In three seasons there he passed for 5,995 yards and 37 touchdowns and beat Southern California twice. In 1973 he was drafted on the third round by the Chargers, presumably to back up Johnny Unitas, whose career rapidly was coming to a close.
By the fifth game of the season, it was obvious Unitas was finished. Trailing the Pittsburgh Steelers, 38-0, at halftime, Coach Harland Svare yanked Unitas for Fouts. The rookie completed 11 of 21 passes the second half and the final score was 38-21. Fouts was the quarterback.
Being the Charger quarterback in those days was no picnic. The team was bad and Fouts took much of the blame. Remembering Brodie, he never blinked.
In the wake of the drug scandal that rocked the franchise, Svare stepped down as coach before the 1973 season was over. He was replaced by Tommy Prothro, and slowly the Chargers began to improve. After bottoming out at 2-12 in 1975, they were 6-8 the next year and hopes for 1977 were high.
But when the season started, Fouts was in Orgegon. The word then, as now, was that Fouts was angered by the fact that James Harris acquired during the offseason, was making more money than he was, so Fouts refused report to the team.
That, says Fouts, is not true.
"If I was so obsessed with money why would I sit out three-quarters of the season and not get paid?" he asked. "I did it because I thought we got sold out (by Ed Garvey, the NFL Players Association executive director) on the players' agreement. He gave up our free agency. I thought that was strong. So did my attorney (Howard Slusher).
"I think every human being should have the right to choose who he works for. We started talking about going to court before the Harris trade was even made. I did it because I believe it was strong. That's all. But everybody insists to this day that it was the money."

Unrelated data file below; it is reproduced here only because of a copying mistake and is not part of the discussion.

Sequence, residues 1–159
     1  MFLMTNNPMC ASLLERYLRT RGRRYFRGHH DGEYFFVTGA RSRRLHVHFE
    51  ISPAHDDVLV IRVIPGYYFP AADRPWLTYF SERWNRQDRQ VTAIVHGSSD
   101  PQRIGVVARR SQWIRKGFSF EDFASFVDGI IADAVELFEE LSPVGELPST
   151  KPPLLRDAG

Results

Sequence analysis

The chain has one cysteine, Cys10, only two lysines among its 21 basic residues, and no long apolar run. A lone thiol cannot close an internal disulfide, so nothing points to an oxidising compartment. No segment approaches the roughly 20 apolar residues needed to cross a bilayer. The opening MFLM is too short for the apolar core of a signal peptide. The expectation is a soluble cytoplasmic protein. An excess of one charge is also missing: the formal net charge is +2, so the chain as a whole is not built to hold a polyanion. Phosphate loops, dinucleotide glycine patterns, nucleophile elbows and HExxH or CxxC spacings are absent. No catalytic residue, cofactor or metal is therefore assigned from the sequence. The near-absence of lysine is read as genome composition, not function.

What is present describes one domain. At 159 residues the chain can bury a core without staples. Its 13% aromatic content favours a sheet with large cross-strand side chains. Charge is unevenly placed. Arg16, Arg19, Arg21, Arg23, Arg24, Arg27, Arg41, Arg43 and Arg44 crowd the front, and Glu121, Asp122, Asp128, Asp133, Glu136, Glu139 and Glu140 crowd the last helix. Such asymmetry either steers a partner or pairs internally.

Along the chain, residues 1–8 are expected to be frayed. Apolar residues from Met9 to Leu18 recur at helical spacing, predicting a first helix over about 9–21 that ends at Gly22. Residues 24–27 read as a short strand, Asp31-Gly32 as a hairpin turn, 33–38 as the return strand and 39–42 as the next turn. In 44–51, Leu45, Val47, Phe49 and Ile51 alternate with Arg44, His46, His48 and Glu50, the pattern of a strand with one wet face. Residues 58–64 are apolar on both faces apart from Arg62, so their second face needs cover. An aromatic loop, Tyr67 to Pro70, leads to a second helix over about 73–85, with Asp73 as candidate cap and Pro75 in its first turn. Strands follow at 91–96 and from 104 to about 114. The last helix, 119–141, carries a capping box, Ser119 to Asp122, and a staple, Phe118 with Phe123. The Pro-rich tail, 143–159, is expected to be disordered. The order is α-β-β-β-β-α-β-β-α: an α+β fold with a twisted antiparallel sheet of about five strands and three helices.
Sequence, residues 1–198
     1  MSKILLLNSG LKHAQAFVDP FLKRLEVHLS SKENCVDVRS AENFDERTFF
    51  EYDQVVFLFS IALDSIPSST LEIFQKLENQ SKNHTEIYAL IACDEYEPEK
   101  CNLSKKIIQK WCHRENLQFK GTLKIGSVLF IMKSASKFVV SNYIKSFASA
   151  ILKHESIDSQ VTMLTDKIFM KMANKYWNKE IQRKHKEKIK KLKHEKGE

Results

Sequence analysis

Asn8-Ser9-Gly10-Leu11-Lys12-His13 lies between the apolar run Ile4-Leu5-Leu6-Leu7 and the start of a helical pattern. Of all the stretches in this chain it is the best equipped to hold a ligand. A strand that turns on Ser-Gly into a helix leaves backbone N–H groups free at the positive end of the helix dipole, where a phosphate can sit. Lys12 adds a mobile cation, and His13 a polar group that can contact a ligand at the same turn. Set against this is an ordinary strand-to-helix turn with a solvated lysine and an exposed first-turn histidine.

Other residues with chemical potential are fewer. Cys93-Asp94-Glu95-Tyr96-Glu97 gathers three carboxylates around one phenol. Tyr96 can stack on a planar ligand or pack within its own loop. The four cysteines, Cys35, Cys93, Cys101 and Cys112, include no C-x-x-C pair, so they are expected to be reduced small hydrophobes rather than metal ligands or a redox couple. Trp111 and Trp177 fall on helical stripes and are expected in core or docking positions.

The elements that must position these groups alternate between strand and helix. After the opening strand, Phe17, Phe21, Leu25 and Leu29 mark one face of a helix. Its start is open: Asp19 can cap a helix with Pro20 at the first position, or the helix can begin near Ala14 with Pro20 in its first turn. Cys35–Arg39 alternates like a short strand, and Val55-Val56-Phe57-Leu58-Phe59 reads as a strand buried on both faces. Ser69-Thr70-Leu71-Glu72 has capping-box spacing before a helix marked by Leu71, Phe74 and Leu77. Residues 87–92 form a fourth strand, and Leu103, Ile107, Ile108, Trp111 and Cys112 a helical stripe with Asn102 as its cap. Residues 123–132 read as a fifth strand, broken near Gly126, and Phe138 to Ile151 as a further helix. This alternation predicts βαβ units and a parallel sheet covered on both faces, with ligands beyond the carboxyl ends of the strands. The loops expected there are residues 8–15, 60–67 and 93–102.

Fouts testified in court that he wanted his free agency because he felt capable of leading a good team to the Super Bowl and the Chargers were not a good team. He lost and returned to the Chargers. There were, Fouts admits, some hard feelings. they are gone now.
Fouts and the Chargers took their licks the first four weeks of the 1978 season, losing three of four games, and Prothro resigned. Coryell, ousted by the St. Louis Cardinals the previous winter but still a near-legend in this area because of his days coaching at San Diego State, was hired.
Everyone in the Charger organization now says that was the day the team became a winner.
"Coach Coryell has always been a winner," Joiner said. "This team never knew how to win. Coryell's so intense about it that he just transmitted it to us."
He also transmitted it to Fouts and the Chargers won seven of their last eight games in 1978, the only loss coming when Fouts could not play with an ankle sprain.
Then came this year -- wins and records galore. Now, Fouts says, he wouldn't leave San Diego if he became a free agent tomorrow. He has a long-term contract to prove it.
And, most of the Chargers say, as long as Fouts and Coryell are in San Diego together, the team will continue to be successful.
"Dan's a reflection of Coryell," tight end Bob Klein said. "He's intense and fiery just like Don. It's like a father-son thing.
But he's also a sensitive person. It's not just all holler, that makes him a leader. He knows when we need some levity, when to cut up to loosen the atmosphere up. Port of what makes him a great quarterback is the kind of person he is."
Fouts gives credit for his success to men like Coryell and the offensive coordinators he has worked with: John Robinson, now coach at Southern California, at Orgegon; Bill Walsh, now of the 49ers, Ray Perkins, now of the Giants, and Gibbs.
Most of Fouts' feelings these days are good ones. He is happy with his double life: glamorous quarterback six months a year, quiet family man the other six. He also is a fiercely independent individual, undisposed to conform within the conform-or-else National Football League.
Perhaps that became clearest when Fouts was asked if he thought his protracted holdout had been worht the effort.
"If you don't stand up for what you believe in, your're going to spend most of your life depressed. If I think something's wrong, I say so."
One might say that Fouts is his own man. But don't tell him that. He doesn't like labels.